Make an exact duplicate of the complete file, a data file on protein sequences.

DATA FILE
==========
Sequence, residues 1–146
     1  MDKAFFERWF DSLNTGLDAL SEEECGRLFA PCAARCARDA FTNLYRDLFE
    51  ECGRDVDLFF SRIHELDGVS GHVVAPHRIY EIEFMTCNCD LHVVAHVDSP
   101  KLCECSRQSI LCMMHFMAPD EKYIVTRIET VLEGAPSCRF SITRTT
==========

Sequence, residues 1–146
     1  MDKAFFERWF DSLNTGLDAL SEEECGRLFA PCAARCARDA FTNLYRDLFE
    51  ECGRDVDLFF SRIHELDGVS GHVVAPHRIY EIEFMTCNCD LHVVAHVDSP
   101  KLCECSRQSI LCMMHFMAPD EKYIVTRIET VLEGAPSCRF SITRTT